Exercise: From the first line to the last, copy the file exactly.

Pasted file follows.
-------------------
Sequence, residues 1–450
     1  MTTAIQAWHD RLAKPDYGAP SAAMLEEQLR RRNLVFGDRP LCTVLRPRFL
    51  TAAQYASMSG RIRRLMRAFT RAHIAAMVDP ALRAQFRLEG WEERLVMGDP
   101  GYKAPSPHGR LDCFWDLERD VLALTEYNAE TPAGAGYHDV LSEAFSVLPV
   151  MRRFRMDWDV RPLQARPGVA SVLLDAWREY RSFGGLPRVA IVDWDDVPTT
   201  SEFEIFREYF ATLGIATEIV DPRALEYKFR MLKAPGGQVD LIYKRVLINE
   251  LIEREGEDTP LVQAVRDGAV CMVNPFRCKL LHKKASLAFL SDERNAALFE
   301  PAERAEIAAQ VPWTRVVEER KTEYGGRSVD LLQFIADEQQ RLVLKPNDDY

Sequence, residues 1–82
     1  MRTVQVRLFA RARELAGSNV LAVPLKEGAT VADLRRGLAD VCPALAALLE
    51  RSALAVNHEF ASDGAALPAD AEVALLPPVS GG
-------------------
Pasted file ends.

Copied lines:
Sequence, residues 1–450
     1  MTTAIQAWHD RLAKPDYGAP SAAMLEEQLR RRNLVFGDRP LCTVLRPRFL
    51  TAAQYASMSG RIRRLMRAFT RAHIAAMVDP ALRAQFRLEG WEERLVMGDP
   101  GYKAPSPHGR LDCFWDLERD VLALTEYNAE TPAGAGYHDV LSEAFSVLPV
   151  MRRFRMDWDV RPLQARPGVA SVLLDAWREY RSFGGLPRVA IVDWDDVPTT
   201  SEFEIFREYF ATLGIATEIV DPRALEYKFR MLKAPGGQVD LIYKRVLINE
   251  LIEREGEDTP LVQAVRDGAV CMVNPFRCKL LHKKASLAFL SDERNAALFE
   301  PAERAEIAAQ VPWTRVVEER KTEYGGRSVD LLQFIADEQQ RLVLKPNDDY

Sequence, residues 1–82
     1  MRTVQVRLFA RARELAGSNV LAVPLKEGAT VADLRRGLAD VCPALAALLE
    51  RSALAVNHEF ASDGAALPAD AEVALLPPVS GG